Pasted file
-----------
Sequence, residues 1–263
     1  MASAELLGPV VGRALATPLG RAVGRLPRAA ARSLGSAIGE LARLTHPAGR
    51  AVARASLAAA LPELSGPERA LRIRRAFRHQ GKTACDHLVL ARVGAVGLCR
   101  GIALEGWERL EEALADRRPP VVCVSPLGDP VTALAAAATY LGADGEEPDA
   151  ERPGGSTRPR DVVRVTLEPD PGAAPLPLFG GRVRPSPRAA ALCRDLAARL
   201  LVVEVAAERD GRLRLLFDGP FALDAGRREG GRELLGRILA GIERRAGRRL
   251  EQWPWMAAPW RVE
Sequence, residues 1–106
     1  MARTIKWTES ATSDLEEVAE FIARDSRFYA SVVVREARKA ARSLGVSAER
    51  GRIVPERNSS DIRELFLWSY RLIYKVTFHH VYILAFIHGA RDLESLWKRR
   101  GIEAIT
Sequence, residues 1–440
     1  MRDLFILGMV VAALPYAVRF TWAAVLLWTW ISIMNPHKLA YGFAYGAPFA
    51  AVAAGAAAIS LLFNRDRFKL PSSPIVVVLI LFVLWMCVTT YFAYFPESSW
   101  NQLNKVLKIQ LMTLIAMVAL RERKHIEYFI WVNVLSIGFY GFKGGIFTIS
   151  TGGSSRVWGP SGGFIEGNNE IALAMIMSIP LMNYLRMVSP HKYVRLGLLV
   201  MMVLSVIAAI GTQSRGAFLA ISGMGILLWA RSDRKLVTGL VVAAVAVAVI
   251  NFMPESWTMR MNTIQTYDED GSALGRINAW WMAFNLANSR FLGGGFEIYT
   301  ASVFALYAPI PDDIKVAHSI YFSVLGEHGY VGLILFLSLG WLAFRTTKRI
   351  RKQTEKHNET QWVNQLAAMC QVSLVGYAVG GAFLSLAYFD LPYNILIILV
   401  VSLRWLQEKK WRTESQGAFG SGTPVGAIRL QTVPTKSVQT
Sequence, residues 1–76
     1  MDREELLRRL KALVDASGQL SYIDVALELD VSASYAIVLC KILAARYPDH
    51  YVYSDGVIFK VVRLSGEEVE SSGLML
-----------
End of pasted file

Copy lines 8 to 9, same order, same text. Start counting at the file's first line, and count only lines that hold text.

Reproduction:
Sequence, residues 1–106
     1  MARTIKWTES ATSDLEEVAE FIARDSRFYA SVVVREARKA ARSLGVSAER